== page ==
The actions in and outside the prison walls continue. The reaction of the state makes itself felt of course. On the one hand there is hard repression: massive transportations, censorship, beatings, torture,... the prisoners' communiqués are alarming, there have even been deaths. On the other hand there is a media campaign full of lies: the prisoners in struggle are represented as dangerous criminals, it is claimed that they are led by the ETA,...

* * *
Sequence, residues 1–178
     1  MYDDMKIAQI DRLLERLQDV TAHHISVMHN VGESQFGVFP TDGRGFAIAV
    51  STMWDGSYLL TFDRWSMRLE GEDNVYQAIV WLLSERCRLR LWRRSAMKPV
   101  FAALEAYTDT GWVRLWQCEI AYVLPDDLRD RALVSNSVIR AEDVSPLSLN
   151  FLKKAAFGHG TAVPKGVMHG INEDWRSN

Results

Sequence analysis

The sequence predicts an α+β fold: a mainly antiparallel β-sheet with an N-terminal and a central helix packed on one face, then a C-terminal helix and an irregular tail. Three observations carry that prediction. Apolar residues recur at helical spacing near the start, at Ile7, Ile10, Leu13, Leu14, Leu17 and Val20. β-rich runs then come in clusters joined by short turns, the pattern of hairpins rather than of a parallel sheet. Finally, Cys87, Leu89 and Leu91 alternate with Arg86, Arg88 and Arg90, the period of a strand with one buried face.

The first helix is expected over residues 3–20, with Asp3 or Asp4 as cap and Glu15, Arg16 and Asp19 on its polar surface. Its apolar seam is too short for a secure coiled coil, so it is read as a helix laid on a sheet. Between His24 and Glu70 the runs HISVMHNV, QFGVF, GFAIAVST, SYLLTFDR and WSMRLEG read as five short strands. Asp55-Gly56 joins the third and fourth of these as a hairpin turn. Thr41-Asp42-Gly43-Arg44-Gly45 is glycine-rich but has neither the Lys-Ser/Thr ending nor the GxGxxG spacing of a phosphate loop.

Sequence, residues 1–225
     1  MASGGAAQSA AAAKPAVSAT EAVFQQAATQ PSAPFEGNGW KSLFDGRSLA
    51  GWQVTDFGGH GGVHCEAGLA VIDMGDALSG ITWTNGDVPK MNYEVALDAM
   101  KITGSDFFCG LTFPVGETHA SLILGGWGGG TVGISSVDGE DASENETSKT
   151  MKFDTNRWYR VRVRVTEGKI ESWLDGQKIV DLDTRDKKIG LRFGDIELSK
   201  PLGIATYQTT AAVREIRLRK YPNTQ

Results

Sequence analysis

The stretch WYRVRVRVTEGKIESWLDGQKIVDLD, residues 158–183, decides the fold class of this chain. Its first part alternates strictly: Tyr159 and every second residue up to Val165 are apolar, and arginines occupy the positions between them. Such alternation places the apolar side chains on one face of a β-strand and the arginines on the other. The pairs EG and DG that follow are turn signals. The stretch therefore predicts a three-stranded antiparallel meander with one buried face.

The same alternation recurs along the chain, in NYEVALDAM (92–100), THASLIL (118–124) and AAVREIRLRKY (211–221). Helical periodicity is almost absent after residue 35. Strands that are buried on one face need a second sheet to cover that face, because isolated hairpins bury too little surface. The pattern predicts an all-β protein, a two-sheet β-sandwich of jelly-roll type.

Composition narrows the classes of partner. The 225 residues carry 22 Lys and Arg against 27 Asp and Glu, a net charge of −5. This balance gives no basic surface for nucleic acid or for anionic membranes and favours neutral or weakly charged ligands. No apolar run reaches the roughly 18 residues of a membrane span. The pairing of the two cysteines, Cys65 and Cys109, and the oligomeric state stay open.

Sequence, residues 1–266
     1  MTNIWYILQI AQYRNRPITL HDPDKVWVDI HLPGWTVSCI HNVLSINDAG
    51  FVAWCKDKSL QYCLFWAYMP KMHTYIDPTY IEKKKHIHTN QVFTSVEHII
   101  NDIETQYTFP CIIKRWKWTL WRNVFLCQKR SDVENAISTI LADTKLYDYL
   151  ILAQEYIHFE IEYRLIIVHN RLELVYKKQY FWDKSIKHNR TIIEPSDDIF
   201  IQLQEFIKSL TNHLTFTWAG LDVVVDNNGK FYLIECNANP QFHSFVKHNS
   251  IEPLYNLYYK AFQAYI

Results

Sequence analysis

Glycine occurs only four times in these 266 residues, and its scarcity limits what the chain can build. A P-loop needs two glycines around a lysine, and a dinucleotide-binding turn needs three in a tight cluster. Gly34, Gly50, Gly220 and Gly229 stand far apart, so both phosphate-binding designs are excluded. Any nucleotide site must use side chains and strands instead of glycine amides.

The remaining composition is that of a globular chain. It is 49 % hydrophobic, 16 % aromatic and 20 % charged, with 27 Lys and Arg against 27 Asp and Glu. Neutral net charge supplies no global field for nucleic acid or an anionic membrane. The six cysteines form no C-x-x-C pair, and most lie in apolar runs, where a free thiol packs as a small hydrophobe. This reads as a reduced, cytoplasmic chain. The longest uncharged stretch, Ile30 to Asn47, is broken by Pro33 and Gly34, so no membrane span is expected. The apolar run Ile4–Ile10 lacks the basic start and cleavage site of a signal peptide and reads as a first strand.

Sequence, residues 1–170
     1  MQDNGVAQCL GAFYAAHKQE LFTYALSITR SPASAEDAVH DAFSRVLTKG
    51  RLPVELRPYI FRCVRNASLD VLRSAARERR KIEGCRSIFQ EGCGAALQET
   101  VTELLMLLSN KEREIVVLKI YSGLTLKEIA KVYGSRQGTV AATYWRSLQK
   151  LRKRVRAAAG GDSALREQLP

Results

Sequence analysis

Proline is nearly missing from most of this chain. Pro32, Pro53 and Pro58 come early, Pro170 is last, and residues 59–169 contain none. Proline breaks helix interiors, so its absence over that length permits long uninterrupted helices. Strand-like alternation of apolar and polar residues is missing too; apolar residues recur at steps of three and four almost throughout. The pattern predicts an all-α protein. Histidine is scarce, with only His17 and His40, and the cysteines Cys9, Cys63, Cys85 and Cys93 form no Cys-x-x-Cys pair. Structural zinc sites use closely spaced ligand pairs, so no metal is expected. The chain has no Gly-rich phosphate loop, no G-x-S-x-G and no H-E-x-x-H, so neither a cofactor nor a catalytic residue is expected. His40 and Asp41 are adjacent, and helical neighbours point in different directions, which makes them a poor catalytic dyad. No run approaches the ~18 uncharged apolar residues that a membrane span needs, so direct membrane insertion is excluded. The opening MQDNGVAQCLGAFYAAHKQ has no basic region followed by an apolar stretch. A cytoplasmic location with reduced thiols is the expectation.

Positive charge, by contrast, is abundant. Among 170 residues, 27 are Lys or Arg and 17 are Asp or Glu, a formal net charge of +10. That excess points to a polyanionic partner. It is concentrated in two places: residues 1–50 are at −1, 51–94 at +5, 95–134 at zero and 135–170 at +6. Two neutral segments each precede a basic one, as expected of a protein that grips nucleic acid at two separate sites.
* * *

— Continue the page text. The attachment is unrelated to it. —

It is thus clear that the struggle will be long and harsh, and that such a prolonged struggle will ask determination and a whole range of action methods that leaves room for individual and local initiatives, according to the circumstances (i.e. many prisoners are seriously ill and most of them cannot participate in long term hungerstrikes). All prisoners can take action, talk about their own situation and put their own demands forward, but they will always connect with the movement by adding the principle revendications: end of FIES, end of dispersions, release of all incurable sick prisoners. In the beginning of 2001, also a 4th demand is agreed upon: the release of all prisoners who have completed 20 years of imprisonment (which should be, according to the Spanish law itself, the maximum time), and a call is made to go on fasting every month. The unity and continuity of the movement are thus secured by the four basic demands, punctual collective actions (as the monthly chapeos and hungerstrikes), broadening and strenghtening of the coordinations inside and outside, debates about the prison struggle and its place in the social and political struggles going on. ...one can see a steady stream of letters, communiquees, testimonies, ... of prisoners in struggle, talking about the daily horrors and repression they have to endure and about the resistance and struggles going on inside (chapeo's, hungerstrikes, workstrikes, letter campaigns, sabotages, ...). Also in the streets a whole range of actions take place all over Spain - demonstrations, info-meetings, conferences, direct actions, ... Internationaly, the prisoners connect with prisoners and support groups in France, Italy, Greece, Portugal, Belgium, Great-Britain, the U.S., where prisoners join by writing solidarity statements and/or by participating in the monthly hungerstrikes.